By Jessy Hempel for The Wired Magazine
SIX YEARS AGO, Irish brothers John and Patrick Collison set out to make sending payments dead simple for businesses—as easy as pasting a line of code into their apps. It’s working. Today their company, Stripe, powers mobile payments for startups like Lyft and Slack and Fortune 500 companies like Best Buy. Now, the Collisons want to take the complexity out of starting a business in the first place—and render geography irrelevant in the process.
Today Stripe announces Atlas, a business-in-a-box service designed to help entrepreneurs handle the details—incorporation, legal advice, tax advice—involved in launching a company in the United States. Patrick Collison, who will announce Atlas at Mobile World Congress, says he hopes the service will give non-US entrepreneurs an equal chance. “It presents them a route to start a tech business and take advantage of its potential on equal footing with a company based in Silicon Valley,” he says.
‘Corporate jurisdictions and headquarters are becoming more fluid in the era of the Internet. Physical geography matters less.’PATRICK COLLISON, STRIPE
By filling out a web form, entrepreneurs will be able to incorporate their businesses in Delaware, establish a US bank account, and receive a tax identification number. They’ll get access to a host of services, including legal advice from international law firm Orrick; $15,000 in computing services from Amazon Web Services; and tax advice from PriceWaterhouseCoopers. And, of course, they’ll get a Stripe account. The entire process, says Collison, will take less than a week.
Potential customers are people like the founders of Platzi, an online education startup offering professional skills courses in Spanish and English. The startup is based in Colombia, but its founders, who are Guatemalan and Colombian, believed they’d have more access to capital and an easier time accessing services like Stripe if their business was incorporated in the United States.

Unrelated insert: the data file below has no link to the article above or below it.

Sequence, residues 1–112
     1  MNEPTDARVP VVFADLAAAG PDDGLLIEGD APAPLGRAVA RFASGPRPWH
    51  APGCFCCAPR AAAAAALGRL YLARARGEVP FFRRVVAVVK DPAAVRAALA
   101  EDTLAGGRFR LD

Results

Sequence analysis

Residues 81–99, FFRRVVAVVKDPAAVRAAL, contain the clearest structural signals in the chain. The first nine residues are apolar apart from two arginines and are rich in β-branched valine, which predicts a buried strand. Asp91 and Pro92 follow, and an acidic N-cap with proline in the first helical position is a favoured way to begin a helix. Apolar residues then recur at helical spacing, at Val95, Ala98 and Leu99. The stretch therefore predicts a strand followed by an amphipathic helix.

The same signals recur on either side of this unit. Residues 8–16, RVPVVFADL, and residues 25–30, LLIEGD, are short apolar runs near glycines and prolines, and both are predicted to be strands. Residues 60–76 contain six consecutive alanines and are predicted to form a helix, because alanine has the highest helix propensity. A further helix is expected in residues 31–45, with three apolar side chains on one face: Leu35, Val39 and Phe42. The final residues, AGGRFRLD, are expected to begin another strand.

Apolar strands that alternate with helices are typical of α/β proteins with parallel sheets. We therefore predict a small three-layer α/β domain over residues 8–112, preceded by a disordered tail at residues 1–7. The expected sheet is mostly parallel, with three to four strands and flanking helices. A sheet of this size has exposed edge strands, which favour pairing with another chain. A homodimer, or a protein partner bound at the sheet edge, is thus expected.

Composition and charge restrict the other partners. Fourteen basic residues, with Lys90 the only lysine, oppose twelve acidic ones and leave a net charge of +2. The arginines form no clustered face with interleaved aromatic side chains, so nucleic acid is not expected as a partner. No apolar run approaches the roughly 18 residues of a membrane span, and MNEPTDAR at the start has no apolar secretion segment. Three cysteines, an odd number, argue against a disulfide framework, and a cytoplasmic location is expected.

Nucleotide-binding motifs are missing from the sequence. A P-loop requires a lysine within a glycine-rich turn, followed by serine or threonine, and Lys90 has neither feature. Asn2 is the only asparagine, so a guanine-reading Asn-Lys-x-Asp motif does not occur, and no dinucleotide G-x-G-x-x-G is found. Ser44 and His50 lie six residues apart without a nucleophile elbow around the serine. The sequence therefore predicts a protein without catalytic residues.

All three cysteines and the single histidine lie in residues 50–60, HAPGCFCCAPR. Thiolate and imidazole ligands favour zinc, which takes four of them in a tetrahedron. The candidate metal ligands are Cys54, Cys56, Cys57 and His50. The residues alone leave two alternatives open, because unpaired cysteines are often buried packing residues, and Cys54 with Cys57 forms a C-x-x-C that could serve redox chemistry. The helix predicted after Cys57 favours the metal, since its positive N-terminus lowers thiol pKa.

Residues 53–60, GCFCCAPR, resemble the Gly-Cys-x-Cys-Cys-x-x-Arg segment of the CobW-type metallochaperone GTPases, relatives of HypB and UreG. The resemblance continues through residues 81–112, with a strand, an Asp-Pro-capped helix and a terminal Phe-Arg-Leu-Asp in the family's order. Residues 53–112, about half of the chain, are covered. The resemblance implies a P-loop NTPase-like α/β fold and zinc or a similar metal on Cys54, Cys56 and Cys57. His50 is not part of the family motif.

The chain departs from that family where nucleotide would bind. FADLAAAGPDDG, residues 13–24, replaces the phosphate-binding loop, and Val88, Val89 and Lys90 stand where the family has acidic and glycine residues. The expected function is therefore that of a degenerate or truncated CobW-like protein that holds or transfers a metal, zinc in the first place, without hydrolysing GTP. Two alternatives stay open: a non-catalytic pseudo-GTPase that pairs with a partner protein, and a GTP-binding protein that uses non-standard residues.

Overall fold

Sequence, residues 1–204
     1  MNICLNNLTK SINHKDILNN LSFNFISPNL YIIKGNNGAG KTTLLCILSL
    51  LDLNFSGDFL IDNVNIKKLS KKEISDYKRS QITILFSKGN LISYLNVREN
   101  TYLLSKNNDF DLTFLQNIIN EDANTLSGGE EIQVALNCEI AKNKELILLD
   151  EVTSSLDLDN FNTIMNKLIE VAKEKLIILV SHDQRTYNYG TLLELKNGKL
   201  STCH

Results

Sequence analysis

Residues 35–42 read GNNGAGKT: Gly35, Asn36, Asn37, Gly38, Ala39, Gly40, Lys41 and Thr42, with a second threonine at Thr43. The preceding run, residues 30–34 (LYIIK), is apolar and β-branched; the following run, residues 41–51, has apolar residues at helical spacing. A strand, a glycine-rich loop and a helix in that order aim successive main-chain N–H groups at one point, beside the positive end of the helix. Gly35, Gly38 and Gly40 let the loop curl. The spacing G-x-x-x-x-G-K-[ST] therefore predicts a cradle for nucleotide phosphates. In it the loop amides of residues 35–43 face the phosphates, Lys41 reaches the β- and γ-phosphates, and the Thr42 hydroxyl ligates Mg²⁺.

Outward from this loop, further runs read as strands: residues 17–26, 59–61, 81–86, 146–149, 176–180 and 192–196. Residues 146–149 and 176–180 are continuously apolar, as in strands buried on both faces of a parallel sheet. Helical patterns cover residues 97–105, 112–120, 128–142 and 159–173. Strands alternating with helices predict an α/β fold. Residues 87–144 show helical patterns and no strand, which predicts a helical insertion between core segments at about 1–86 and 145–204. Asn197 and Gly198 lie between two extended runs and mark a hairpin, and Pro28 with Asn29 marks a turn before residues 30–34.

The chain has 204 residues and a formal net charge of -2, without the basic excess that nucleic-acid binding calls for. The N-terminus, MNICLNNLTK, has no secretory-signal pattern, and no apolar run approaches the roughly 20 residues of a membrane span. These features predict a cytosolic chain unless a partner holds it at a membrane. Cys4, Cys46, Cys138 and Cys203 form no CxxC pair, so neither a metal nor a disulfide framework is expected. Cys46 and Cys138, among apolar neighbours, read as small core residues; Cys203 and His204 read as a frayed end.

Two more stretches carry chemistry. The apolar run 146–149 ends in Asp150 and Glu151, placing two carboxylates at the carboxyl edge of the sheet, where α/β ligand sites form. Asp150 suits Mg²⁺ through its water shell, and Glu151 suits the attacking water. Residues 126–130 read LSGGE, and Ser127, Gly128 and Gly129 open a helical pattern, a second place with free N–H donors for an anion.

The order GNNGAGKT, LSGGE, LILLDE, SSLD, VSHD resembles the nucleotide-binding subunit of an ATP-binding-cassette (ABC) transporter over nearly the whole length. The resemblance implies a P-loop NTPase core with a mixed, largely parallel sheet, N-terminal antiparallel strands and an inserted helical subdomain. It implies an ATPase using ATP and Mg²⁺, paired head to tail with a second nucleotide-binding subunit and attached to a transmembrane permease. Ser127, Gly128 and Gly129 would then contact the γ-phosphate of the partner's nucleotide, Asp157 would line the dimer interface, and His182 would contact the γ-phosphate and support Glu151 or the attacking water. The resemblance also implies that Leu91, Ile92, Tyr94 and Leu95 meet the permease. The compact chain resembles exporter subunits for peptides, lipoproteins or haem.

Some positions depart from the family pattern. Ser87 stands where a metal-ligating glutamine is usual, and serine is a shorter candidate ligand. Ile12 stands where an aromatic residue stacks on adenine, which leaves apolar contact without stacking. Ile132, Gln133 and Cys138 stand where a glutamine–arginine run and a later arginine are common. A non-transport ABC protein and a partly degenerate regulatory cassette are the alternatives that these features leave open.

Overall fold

Figuring out how to make that happen was both expensive and time-consuming. Cofounder Freddy Vega had to make a couple of trips to the United States over several months to sort out the details. But the effort paid off—in January, the company announced $2.1 million in seed funding from a host of funds, including Y Combinator and Omidyar. Vega believes that being a US company made this fundraising process easier.
Collison believes there are a lot of people like Vega and cofounder Christian Van Der Henst who would benefit from this service. “Corporate jurisdictions and headquarters are becoming more fluid in the era of the Internet,” he says. “Physical geography matters less.” He believes companies should incorporate in the countries that are most advantageous for their businesses. Stripe doesn’t plan to limit its services to US; Collison says the company is already in talks with its first additional jurisdiction.
The Internet’s Infrastructure
Distilling the complexity of establishing a financial infrastructure down to a several-day process is tough. To help develop the service, the company put together an advisory board that includes the former Deputy US Treasury Secretary Neal Wolin as well as Ben Lawsky, who was New York’s first superintendent of financial services. (Seriously, that’s a title. His job was to reform the regulation of financial services in New York.) The board also includes Linda Rottenberg, who runs Endeavor, a nonprofit that has worked to foster entrepreneurship in South America, and Aramex vice chairman Fadi Ghandour, who runs a venture fund that invests in the Arab world.
Now Stripe must recruit entrepreneurs. To begin, the company has enrolled representatives from 50 incubators, accelerators, and investment funds around the world in referring entrepreneurs to Atlas. Initially, Atlas is only available to referrals. But Collison believes there will be a massive market over time. “Most economic growth over the next 25 years will come from the developing world,” he says. That should mean there will be plenty of entrepreneurs looking to start businesses.
If Atlas takes off, a host of new companies will be building out their businesses using Stripe. That’s the point. Thus, the service will cost just $500, most of which will go toward covering the cost of incorporation. The point for the Collisons, is not to profit directly from Atlas, but to make Stripe into the payments infrastructure for the entire Internet.
the article first appeared in the Wired magazine